Stanford Researchers Send Text Messages Using Chemicals

Posted Nov 18, 2016
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People are always found looking at their phones and texting. This form of communication is so heavily relied upon, that life without it seems impossible. It is a wide known fact that texting is made possible by using electrical signals from different satellites that help us network with one another via just a couple of words. But what if texting was made possible by an alternate method? Say, a chemical method? Well, this is exactly what scientists from Stanford have been able to achieve recently.

They have managed to use chemicals as the base unit of communication instead of electricity, and have been able to send a text message with it. Stanford’s setup is built on the most modern-day electronic trends. What makes Stanford stand out is that instead of electricity, it just uses chemicals to send instructions.

How does this work?

Electric signals work on binary numbers (0s and 1s). In this chemical mode of communication, the binary numbers are replaced with vinegar pulses (acids) and glass cleaner solutions (alkalis) in tubes of plastic. A conventional computer is used to convert the researcher’s instructions in a chemical format which is then read by the pH sensor, which then converts the pulses of liquid into binary codes again.

Could be useful when electric grid is knocked out

As mentioned earlier, we are a generation of people who are heavily reliant on texting for communication and that texting is made possible by an electric grid.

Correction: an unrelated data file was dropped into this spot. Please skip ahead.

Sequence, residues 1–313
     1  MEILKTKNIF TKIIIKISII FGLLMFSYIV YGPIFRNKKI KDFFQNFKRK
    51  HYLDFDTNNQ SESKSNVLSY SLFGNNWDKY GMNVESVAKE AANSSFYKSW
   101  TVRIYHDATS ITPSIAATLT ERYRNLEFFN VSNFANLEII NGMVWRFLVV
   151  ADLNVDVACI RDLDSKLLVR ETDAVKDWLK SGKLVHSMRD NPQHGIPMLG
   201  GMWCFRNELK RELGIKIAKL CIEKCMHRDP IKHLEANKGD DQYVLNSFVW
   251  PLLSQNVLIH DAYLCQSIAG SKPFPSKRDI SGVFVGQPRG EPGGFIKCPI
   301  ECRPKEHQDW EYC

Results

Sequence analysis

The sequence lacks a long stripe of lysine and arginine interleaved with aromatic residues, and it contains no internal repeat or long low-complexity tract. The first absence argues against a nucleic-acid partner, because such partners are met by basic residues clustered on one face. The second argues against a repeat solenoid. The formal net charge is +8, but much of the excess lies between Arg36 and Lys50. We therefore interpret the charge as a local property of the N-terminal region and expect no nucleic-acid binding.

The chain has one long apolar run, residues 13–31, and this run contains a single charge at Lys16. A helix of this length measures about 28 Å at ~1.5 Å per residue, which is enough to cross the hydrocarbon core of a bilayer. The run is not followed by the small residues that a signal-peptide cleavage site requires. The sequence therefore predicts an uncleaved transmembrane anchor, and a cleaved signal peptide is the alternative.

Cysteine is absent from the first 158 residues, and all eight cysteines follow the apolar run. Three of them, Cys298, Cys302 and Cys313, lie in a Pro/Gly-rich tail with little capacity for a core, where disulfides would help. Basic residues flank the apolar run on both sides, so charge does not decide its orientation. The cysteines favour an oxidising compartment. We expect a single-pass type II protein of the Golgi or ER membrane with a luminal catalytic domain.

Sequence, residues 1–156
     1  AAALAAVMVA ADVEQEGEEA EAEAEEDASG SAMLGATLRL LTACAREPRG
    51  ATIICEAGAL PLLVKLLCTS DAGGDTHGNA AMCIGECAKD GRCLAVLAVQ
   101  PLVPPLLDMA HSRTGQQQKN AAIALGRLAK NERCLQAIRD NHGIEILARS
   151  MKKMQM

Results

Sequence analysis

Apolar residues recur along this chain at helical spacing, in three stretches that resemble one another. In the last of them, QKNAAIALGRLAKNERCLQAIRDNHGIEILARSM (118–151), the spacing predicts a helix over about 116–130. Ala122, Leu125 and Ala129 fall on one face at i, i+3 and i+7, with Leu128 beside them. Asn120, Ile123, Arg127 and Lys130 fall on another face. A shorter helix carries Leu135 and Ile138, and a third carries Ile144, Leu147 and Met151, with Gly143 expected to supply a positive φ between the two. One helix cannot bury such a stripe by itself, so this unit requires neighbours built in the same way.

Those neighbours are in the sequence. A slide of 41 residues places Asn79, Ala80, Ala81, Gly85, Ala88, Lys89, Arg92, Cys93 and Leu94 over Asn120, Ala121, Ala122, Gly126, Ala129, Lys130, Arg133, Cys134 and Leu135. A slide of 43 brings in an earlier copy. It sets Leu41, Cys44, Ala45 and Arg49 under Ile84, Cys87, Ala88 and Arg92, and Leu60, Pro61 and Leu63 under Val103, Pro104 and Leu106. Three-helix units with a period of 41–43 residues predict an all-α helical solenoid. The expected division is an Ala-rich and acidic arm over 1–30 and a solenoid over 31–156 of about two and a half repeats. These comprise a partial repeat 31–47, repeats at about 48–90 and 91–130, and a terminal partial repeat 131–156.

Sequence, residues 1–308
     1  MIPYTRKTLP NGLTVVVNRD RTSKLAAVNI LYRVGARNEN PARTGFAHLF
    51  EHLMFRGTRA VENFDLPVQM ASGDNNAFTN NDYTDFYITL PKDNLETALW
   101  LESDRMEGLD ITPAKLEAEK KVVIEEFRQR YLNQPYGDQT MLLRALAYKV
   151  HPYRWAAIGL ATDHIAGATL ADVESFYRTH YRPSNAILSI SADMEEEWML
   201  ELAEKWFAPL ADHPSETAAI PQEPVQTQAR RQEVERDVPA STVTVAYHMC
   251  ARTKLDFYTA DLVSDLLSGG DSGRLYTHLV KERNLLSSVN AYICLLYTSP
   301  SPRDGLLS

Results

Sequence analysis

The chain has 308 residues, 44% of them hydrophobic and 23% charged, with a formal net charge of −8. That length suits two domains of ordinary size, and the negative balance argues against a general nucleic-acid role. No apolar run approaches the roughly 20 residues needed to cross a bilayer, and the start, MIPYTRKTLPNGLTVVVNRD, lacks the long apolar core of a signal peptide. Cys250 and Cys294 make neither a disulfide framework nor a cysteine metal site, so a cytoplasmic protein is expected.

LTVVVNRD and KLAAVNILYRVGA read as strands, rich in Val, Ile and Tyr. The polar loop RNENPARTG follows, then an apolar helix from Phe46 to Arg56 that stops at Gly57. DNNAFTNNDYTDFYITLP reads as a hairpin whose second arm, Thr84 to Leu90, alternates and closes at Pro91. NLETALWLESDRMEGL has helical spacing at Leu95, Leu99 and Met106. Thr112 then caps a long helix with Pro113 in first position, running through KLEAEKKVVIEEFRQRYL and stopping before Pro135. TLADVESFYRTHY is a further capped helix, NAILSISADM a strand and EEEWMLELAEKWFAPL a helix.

For one, this chemical mode of communication may come in handy when the electric grids are off and not working. You will be able to send a text message off grid. They could also be used in places where traditional electromagnetic systems have difficulty communicating, for example, under water or in places lined with heavy metals.

In medicine, this could be of use because some high-frequency signals can be extremely harmful to the body and this could prove to be an alternate to that. Also, problems are bound to arise when the electric grid is knocked out and you have to diagnose a patient, heavily depending on some sort of power source to get your machine up and running.

“It’s just so ‘out there,’ like science fiction,” said Andrea Goldsmith, a professor of electrical engineering at Stanford. “What are all the exciting ways that we could use this to enable communication that is impossible today? That’s what I would want someone to walk away thinking about.”

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